Holding On to Our Farm

All the rain we’ve had this year has made us tired of watching our best soil wash down the hill into the creek. Saturday we tried to do something about it.


One of the pivotal tasks we have known needed to be completed before we could get final electrical and final plumbing installed in the pole barn was “the chase,” a ditch piping water and electrical services underground between the utility area (where the well is, where the main electrical service from Central Alabama Electric Coop comes in, and where our propane generator will be) and the pole barn.

For us, this meant an unusually rich array of conduits and lines: the main service electrical line at the bottom, a filtered water line for drinking and internal use in the apartment, an unfiltered water line for drip irrigation, a separate and larger water line running uphill from the future rainwater storage tank, and an electrical conduit to accommodate a future electrical line to power the future pump in the future rainwater harvesting tank. I repeat “future” to emphasize the uncertainty we now face about all this. Because of it, we also decided to lay an additional 2-inch PVC conduit for whatever else we might decide to run in the future.

Scott McGill, our electrician, and his friend Joey rented a small excavator and dug the trench for the chase on Thursday. Bless their hearts. They were not able to get the excavator delivered until mid-day, and that meant they were there working on the chase into the evening, and we all know what evenings in September often bring. Scott and Joey worked through the afternoon thunderstorm and, to their credit, covered over the chase at the end of the day.

Saturday, as we saw the newly loosened soil on the hillside above the pole barn and read the forecast for a full week of what our friends in the U.K. would call “soggy spells,” Amanda and I decided we needed to swing into action. We have struggled with this hillside before, and we know it really likes to wash whenever it rains. Instantly, securing that hillside became the task for the day.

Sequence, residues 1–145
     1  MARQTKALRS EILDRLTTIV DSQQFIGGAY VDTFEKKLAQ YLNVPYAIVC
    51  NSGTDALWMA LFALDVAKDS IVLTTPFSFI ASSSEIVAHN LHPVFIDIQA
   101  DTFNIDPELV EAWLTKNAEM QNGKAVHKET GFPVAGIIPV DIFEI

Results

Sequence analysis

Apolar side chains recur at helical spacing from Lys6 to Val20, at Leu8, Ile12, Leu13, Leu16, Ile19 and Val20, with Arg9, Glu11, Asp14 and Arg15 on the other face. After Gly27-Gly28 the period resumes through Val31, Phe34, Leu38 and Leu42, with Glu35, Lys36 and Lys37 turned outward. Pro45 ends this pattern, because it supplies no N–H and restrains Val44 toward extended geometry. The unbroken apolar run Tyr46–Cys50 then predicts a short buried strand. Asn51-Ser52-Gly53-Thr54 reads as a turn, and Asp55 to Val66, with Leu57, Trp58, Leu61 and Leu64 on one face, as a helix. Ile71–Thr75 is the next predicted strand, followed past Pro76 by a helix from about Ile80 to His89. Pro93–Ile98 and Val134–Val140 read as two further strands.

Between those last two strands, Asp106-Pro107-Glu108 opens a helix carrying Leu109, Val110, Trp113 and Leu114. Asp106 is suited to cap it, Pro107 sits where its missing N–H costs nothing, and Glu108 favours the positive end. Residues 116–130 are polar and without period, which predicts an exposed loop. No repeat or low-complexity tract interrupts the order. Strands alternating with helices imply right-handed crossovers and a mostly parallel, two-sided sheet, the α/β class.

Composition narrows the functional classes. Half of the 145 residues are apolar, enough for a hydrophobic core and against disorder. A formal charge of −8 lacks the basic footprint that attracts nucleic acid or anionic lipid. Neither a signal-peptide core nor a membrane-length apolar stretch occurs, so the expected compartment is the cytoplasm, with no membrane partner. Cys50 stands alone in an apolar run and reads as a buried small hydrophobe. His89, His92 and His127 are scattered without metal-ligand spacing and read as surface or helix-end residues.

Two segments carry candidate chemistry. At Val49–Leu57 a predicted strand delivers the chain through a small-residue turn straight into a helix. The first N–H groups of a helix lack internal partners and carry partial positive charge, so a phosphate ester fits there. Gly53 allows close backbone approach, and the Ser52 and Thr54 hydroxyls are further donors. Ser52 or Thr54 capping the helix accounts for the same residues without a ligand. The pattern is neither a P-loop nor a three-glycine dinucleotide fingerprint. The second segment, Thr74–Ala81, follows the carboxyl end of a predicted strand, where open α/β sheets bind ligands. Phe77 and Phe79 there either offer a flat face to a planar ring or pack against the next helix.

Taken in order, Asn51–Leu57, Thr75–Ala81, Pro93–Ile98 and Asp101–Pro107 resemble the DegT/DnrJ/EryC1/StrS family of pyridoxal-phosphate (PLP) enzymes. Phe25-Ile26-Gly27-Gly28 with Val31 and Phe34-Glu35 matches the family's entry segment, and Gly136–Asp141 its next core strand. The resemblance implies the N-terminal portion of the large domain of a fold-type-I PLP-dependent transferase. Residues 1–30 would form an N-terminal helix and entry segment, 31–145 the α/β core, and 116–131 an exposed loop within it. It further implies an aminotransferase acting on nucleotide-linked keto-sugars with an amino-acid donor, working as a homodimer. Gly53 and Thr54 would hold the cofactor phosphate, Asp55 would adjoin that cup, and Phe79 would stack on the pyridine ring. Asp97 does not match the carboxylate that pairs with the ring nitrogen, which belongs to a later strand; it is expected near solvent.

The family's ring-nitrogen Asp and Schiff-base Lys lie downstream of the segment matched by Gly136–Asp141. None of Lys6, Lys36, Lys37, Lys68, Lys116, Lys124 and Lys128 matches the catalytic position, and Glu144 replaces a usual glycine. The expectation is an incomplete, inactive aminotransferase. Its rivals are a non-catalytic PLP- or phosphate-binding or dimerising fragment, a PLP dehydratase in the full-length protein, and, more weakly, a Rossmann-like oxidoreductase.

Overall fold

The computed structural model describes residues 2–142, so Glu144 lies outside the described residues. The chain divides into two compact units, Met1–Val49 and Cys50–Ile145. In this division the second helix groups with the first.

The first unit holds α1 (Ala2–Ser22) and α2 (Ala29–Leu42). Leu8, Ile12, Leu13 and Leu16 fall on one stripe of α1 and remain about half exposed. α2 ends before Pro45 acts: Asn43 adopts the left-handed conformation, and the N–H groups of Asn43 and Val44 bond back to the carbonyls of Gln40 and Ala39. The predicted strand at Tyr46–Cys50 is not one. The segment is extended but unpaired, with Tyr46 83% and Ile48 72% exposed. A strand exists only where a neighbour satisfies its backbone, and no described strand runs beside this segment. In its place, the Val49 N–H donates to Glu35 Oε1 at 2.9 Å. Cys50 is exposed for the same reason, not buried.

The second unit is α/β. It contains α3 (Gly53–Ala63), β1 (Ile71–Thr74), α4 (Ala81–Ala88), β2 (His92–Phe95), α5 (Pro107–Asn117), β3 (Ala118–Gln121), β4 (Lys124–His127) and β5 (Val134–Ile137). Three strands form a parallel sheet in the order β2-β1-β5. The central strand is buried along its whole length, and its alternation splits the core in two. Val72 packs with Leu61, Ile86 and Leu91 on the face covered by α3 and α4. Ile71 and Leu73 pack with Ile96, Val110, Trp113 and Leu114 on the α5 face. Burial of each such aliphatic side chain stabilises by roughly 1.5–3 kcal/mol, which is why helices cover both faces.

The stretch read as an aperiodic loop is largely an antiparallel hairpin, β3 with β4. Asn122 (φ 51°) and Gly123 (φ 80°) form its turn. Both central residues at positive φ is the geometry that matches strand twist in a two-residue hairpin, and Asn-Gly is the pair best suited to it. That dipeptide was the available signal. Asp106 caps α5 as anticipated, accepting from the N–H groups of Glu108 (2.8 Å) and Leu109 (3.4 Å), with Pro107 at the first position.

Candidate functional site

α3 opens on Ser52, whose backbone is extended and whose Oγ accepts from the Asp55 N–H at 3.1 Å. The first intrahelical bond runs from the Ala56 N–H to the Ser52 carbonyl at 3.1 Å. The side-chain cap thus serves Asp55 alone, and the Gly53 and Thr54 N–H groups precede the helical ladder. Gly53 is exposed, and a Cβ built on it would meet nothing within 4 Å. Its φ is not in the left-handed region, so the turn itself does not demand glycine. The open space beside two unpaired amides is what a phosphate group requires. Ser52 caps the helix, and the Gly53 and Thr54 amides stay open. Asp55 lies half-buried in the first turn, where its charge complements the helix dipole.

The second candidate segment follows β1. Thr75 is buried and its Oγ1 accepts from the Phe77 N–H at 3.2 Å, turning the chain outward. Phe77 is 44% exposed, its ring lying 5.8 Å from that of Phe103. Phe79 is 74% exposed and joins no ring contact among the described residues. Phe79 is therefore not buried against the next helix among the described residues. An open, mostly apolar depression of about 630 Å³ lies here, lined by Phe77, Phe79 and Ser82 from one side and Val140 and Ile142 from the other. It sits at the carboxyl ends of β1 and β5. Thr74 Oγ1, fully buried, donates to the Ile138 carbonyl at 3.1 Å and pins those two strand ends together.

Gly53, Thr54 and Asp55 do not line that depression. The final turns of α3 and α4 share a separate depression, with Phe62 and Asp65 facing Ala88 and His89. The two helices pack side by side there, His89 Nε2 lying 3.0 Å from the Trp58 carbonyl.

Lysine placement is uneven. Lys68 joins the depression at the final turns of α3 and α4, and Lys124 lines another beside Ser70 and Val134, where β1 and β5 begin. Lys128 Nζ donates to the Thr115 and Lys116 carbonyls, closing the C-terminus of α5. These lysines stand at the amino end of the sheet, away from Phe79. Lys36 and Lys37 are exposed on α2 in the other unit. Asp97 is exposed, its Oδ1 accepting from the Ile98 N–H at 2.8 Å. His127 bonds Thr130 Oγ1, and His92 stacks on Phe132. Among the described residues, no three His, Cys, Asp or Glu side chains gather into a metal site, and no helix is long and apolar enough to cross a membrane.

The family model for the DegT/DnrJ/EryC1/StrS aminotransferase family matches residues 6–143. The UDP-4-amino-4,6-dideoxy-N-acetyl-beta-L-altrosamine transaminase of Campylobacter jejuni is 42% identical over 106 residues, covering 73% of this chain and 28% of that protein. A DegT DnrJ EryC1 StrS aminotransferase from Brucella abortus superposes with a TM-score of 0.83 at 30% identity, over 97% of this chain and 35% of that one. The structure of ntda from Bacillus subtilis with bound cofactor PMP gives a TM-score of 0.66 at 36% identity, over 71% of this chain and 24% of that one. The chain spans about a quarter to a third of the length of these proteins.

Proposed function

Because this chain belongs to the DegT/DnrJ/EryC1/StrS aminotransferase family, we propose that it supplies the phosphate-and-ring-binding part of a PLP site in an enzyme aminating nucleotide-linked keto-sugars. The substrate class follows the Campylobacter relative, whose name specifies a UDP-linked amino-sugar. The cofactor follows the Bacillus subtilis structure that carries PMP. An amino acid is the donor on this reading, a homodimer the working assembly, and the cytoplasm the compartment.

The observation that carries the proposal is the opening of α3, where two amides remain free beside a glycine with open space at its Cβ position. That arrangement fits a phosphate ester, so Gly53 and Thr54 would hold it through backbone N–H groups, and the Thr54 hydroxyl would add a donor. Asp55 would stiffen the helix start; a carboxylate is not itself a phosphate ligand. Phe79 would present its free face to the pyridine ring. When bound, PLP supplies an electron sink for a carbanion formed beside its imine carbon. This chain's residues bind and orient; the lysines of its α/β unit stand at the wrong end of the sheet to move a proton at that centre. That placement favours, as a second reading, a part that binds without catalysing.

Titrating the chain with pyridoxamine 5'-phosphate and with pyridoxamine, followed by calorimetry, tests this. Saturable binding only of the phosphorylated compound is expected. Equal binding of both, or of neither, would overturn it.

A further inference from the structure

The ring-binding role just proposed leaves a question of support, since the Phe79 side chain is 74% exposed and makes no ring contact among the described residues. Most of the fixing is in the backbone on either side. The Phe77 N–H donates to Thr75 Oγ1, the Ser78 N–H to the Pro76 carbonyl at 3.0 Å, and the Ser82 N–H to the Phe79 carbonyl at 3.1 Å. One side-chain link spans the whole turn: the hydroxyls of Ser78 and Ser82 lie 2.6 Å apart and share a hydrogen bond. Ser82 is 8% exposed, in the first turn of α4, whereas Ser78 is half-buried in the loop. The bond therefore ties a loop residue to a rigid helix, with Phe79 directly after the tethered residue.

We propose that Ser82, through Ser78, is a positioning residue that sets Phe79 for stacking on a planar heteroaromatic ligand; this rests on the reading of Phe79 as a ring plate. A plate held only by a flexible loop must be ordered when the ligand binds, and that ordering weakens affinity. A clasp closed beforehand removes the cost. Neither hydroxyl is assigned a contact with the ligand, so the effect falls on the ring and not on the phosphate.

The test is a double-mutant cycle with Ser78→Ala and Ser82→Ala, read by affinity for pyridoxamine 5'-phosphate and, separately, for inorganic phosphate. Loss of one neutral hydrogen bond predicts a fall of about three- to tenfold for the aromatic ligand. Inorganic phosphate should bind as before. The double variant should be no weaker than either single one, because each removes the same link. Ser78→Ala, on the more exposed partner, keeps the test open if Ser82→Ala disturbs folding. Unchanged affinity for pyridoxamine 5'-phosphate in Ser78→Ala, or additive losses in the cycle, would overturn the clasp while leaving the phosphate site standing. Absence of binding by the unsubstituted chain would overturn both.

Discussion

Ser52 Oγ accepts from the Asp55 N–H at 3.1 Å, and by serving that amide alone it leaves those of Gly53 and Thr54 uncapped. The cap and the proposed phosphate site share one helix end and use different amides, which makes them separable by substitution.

We had enjoyed reasonably good results seeding fescue on the areas disturbed by the installation of the septic tank, so we decided to use fescue on the hillside as well. We knew we needed straw, and we hoped there might be some kind of erosion control netting we could get as well. So the first task was to load up in 1-Ho and drive to Farmers Feed in Wetumpka. Farmers Feed has gradually promoted itself to become our “go-to” farm supply store by virtue of being in stock with the products we need, by offering prices as low or lower than others, and by patiently offering truly useful advice about how to solve the problems we face.

When we got to Farmers Feed, Terry and Clint were busy, but Josh could help us. We already had the fescue on hand. No, they didn’t have the wheat straw we had used over the septic tank, but they did have what they called “mulch hay” for $5/bale. We bought six bales. They also had two (but only two) 8-foot wide and 110-foot long rolls of Western Excelsior Temporary Erosion Control Blanket, made of straw woven into a biodegradable netting. $42/roll. With our treasures loaded, Amanda and I headed back to the farm. Not so fast. Amanda suggested we pick up something for lunch on the way, so we stopped at Smokin’s Barbecue on US 231, just north of Farmers Feed. It was early for lunch, but that didn’t slow down the folks at Smokin’s. They were open for business and ready to serve. We each ordered a salad, Amanda’s topped with smoked turkey and mine topped with barbecue pork. And I couldn’t resist grabbing one of their enormous chocolate chip cookies.